Call the Witch by Its True Name

My favorite fairy tale when I was a child was Rumpelstiltskin, the story of a girl who makes a bargain with an imp-like creature in exchange for saving her life from being executed by the king. First she gives the imp a necklace, then a ring, then promises her firstborn child. But when her child arrives, she begs the imp to let her keep it. He says he will if she can guess his name. In deep distress, she wanders into the forest and stumbles upon the creature, who is hopping around the fire singing, “Tomorrow, tomorrow, tomorrow, I’ll go to the king’s house, nobody knows my name, I’m called ‘Rumpelstiltskin.'” When the imp arrives at the kingdom to claim the baby, the girl (now married to the king), says, “Your name is Rumpelstiltskin.” The imp is enraged, but the deal is broken and he has no choice but to … Click here to continue reading...

Love is Softening

Our hearts are encased in protection, layers of materials like iron or brick that create a fortress around our most sensitive selves. When these material first arrived, they came as friends, for our hearts as young people didn’t know how to rest undefended. We needed to harden in order to survive. But one aspect of growing up means realizing that our greatest strength is what we have become conditioned to believe is our greatest weakness: a softened heart is a wise heart, and it no longer needs the armor it thought it needed to keep it safe.

Safety, as an adult, means dropping the defenses. It means letting those we love into our innermost chambers. It means saying “I don’t know” or “Yes, maybe that as well” instead of being entrenched in one position. It means taking the risk of being vulnerable, which by definition is an undefended state. It … Click here to continue reading...

In Bed With Fear

We hear a lot about the power of fear these days, and the way we culturally/psychologically talk about it speaks to our beliefs that there are forces “out there” that are dark or evil that we need to overpower. In the early days of my work, I also spoke of fear in these terms, but over the years I’ve softened my perspective and have come to see fear as an inner bully that doesn’t need our aggression as much as our loving attention. When fear takes over, especially in the form of debilitating anxiety, it’s easy to feel like fear is the aggressor and you’re the victim. The truth (as I see it) is that “bully and victim” are two sides of the same coin, characters that are co-creating a dance that stems from pain and, when met with force, leads to more pain.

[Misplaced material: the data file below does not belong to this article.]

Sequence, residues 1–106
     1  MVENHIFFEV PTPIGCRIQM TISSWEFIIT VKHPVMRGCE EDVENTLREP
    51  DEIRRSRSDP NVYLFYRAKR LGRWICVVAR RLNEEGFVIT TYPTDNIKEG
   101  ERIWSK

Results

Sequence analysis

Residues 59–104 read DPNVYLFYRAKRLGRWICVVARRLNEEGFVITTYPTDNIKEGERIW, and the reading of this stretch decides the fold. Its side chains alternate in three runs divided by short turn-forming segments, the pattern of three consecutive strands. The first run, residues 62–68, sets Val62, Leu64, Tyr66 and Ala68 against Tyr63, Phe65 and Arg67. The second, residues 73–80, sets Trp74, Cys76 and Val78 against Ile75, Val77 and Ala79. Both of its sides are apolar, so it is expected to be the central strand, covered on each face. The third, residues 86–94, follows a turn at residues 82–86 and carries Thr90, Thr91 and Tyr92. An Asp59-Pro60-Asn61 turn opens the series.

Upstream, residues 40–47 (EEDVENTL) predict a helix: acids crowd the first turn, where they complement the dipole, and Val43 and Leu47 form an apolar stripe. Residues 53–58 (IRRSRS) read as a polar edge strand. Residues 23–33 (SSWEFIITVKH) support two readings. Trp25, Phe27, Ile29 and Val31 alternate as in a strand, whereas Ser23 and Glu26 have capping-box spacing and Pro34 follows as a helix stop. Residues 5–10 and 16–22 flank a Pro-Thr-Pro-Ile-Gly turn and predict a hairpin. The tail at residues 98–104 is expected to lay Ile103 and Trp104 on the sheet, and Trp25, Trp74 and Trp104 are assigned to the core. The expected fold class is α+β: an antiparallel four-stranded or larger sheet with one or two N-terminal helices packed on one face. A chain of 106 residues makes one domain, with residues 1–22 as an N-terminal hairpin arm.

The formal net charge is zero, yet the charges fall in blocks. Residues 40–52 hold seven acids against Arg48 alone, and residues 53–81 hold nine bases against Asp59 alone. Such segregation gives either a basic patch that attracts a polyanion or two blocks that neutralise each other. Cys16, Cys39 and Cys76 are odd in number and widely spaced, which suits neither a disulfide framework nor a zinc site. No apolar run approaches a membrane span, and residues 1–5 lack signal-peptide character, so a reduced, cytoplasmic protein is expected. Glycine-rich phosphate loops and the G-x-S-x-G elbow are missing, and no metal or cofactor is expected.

What happens when, instead of meeting … Click here to continue reading...

Walk With Love

Please note: If you are pleased with the results of the recent elections, you may not want to read this post. I wrote it for those who are struggling emotionally and need support and guidance for how to walk through their difficult feelings so that they can arrive, ultimately, back at love. 

However, I need to say that my first draft of this article was written two days after the elections in a raw state of emotions, and I have since edited out the portions of it that were coming from my own small-minded and black-and-white thinking. I do not want to name-call. I do not want to participate in a culture of hate and divisiveness. I know that not everyone who voted for Trump carries all of his values and his rhetoric, and that the reasons why people voted for whoever they voted for are complex and multi-faceted. I Click here to continue reading...

The Life You're Meant to Live

Somewhere along the road of childhood into adolescence, a belief is transmitted that says: Follow the roadmap that culture presents and you will find a pot of gold at the end of the rainbow. This roadmap looks like: Graduate from a 4-year university, land a corporate job then climb the ladder, get married, buy a house, then have a couple of kids (in that order). There are a thousand other assumptions along the way: Marry someone of the opposite sex (who is also “the love of your life”); marry someone of similar background; don’t move too far away from your parents or your hometown; have your babies in the hospital; send your kids to school; don’t do your own thing; don’t have your own life, I could go on and on.

Very few people question this assumed path. Instead, they follow its implicit formula and then, years down the road, … Click here to continue reading...